The question for Villanova coach Jay Wright about his point guard was a basic one: If Collin Gillespie has more upside to show, how can we spot that?
“Creativity, offensively,” was the first thing that came to Wright’s mind. “Being really crafty about finding more ways to score. Defensively, I think he is what he is — he’s a tough, really good defender. Great rebounder for a guard. I don’t know if he can get that much better in those areas.”
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Wright went back to offense, and made a point about the point guard who mentored Gillespie when he first got to Villanova.
“Kind of like Jalen Brunson was,” Wright said. “All those pivot moves, isolation moves. I think that’s his final piece of development.”
Opening Wednesday against Boston College, Villanova starts this season third in the Associated Press poll because it has all sorts of ways to beat you, and all sorts of ways to play. This season always seemed like a target date for when the parts could come together again and it wouldn’t seem outlandish to think again about the Final Four.
In college ball, such thoughts typically start with a veteran guard. If you look back to Villanova’s 2016 NCAA title team, you think of all sorts of things, but much of it started with Ryan Arcidiacono. In 2018, it began with Brunson, that season’s consensus national player of the year.
Here we are with Gillespie, a unanimous pick for preseason all-Big East first team, a respected national figure, after averaging 15.1 points and 4.5 assists as a junior.
Let’s pause to also remind ourselves … this is one of the best tales in the sport. The guard who left the summer before his senior year of high school with zero Division I offers despite playing for a top Archbishop Wood program.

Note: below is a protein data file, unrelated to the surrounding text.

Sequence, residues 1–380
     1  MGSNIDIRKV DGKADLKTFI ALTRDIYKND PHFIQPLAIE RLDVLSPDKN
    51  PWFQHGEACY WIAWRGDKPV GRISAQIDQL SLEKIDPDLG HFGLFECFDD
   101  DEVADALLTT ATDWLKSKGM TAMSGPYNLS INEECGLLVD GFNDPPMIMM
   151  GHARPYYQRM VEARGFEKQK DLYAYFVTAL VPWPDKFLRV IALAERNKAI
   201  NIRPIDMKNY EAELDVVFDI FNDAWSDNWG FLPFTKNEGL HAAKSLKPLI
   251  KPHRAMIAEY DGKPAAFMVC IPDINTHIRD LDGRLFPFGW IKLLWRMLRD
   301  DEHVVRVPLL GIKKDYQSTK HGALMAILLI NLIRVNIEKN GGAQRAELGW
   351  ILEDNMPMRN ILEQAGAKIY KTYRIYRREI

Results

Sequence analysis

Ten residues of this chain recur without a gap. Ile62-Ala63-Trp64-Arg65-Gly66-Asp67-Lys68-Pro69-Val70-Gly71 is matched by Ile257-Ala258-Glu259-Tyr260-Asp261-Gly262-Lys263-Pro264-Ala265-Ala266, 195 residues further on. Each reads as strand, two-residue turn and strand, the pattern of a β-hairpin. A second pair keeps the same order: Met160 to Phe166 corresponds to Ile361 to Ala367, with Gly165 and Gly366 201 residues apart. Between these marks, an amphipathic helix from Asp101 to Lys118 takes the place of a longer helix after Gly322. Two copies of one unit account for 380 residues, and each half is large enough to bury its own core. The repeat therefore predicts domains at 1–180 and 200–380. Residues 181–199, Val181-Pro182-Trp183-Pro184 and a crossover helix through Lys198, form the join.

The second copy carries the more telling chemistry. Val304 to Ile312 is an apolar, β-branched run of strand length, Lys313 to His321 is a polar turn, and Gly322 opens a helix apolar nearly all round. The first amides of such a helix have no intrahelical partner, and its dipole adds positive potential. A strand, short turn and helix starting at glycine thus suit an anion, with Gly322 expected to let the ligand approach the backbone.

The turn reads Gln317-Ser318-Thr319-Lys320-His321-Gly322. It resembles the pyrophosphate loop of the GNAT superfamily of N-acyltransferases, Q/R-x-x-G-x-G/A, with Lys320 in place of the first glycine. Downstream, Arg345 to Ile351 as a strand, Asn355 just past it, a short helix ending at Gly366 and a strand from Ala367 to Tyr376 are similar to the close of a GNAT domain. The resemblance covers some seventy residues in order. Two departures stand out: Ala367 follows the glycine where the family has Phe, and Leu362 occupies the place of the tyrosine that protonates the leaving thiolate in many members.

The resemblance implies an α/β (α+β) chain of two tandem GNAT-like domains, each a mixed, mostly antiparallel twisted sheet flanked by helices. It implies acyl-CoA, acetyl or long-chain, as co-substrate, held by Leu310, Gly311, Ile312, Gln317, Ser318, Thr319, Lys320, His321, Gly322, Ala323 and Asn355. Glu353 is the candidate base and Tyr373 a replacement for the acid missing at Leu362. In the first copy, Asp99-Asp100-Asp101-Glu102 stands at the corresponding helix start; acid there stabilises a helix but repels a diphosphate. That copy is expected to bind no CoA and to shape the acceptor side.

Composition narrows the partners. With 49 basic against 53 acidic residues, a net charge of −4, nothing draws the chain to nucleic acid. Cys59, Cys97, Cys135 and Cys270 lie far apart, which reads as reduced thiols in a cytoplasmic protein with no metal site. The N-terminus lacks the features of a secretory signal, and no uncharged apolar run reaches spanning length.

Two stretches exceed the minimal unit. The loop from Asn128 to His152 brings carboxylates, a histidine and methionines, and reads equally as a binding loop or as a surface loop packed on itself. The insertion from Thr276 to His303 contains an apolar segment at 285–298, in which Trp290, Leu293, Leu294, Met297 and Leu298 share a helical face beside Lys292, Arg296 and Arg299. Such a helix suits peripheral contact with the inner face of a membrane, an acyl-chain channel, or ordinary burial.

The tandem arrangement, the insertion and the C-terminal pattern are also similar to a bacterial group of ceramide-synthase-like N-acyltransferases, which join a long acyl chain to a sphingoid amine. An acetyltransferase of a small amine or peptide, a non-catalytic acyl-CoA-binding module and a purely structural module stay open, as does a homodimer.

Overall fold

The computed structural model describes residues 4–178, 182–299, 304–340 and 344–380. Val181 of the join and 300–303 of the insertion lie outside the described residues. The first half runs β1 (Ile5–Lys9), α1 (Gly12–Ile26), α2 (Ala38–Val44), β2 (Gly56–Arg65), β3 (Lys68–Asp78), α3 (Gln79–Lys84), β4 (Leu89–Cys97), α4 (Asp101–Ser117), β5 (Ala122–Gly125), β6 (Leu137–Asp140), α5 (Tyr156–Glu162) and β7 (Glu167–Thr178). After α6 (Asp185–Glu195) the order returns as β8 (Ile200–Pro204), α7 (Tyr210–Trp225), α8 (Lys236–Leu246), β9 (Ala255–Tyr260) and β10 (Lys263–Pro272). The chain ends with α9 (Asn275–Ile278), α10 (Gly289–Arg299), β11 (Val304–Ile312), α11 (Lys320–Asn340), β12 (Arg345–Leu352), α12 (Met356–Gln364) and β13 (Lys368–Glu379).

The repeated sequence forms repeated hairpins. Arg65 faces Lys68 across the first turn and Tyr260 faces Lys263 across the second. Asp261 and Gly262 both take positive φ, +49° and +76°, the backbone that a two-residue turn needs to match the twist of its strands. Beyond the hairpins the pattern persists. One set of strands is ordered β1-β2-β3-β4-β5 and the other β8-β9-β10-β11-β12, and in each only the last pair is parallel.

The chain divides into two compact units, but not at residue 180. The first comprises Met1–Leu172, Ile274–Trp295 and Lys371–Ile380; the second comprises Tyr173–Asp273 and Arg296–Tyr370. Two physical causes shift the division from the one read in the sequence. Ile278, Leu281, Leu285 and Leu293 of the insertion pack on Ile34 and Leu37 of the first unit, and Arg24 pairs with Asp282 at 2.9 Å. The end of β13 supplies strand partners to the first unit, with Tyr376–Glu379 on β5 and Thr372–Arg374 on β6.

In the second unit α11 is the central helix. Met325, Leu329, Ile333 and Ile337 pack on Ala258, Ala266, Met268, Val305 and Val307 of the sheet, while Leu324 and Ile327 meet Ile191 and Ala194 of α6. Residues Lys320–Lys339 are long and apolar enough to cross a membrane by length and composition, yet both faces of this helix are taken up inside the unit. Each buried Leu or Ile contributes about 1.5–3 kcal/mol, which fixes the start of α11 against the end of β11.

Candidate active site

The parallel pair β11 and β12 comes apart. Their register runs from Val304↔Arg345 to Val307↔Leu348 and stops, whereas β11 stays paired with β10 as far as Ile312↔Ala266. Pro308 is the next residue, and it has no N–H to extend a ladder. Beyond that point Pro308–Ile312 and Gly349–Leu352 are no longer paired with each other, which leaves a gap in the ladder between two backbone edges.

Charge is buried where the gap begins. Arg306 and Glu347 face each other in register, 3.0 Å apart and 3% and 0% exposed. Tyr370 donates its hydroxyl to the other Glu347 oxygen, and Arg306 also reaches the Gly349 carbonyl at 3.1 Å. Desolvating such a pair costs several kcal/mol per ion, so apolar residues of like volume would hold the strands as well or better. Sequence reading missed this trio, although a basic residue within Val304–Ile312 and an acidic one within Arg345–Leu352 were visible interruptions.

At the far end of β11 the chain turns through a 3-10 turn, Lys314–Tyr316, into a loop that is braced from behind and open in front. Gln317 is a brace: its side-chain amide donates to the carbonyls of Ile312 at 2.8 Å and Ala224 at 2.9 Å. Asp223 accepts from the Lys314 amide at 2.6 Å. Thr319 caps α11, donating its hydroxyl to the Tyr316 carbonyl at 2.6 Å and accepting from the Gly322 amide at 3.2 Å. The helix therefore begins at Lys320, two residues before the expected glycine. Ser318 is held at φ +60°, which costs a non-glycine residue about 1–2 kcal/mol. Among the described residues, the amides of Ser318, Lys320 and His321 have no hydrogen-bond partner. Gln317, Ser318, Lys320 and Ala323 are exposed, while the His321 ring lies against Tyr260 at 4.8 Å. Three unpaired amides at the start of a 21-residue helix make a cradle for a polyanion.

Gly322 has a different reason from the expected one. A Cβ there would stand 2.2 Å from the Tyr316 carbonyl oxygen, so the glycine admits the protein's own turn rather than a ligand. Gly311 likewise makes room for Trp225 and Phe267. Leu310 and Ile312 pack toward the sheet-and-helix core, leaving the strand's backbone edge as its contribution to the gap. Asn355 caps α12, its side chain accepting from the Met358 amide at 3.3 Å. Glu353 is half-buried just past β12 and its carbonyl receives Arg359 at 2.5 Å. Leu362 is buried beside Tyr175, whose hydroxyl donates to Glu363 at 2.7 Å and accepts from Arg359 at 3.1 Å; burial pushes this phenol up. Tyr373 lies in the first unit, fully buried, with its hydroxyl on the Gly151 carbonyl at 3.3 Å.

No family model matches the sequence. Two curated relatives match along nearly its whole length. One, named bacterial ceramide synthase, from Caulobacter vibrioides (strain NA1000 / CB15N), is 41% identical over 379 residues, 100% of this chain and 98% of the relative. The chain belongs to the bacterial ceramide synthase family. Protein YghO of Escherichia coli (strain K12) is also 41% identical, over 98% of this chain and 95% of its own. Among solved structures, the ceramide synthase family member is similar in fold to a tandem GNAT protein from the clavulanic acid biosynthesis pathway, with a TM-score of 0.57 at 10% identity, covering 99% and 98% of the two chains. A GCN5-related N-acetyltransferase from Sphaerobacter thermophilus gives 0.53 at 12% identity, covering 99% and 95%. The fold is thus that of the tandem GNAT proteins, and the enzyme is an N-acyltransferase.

It’s fun now to look back at how Gillespie already had many of the same ingredients in his game. The questions were about the next level. Or more like, which level?
Go back to June of 2016, the City of Basketball Love College Exposure Camp.
“I was telling the D-II coaches there, ‘Be on this kid, he’s really good,’ “ said Josh Verlin, who ran the camp. “He killed it. He had like 30 points in all three of the games. He was so clearly the best player in that gym — I wasn’t prepared for how much better he would be. Part of what makes him so good: He was awesome in drills, locked in in practice — all that comes out when you see him for a whole day. He picked up multiple high-level Division II offers.”
The Gillespie write-up from that day still exists on the City of Basketball Love website: “Gillespie showed exactly how the point guard position is to be played today. Gillespie got all of his teammates involved and was fantastic in transition finding his man for an easy bucket. Gillespie was also in a groove from downtown, converting on several from downtown on the day. Gillespie showed a lot of effort on the defensive end, making it difficult for his opponent to do much offensively. Division II schools flocked to see him play, and with one D-II offer already in his pocket [Holy Family] it’s hard to see him not picking up a few more.”
So there it all was, Gillespie’s game. Verlin reminds that Gillespie got hurt that summer, so really wasn’t able to show himself to a wider recruiting audience. Open-gym runs in the fall turned some heads. Rider, for instance, made an offer. I was in the gym at Arcadia early in the 2016-17 season, when all sorts of talent were there for a doubleheader, Wood/Abington in the opener, Imhotep/Neumann-Goretti after — about 20 future Division I players on the court at the Jeremy Treatman event.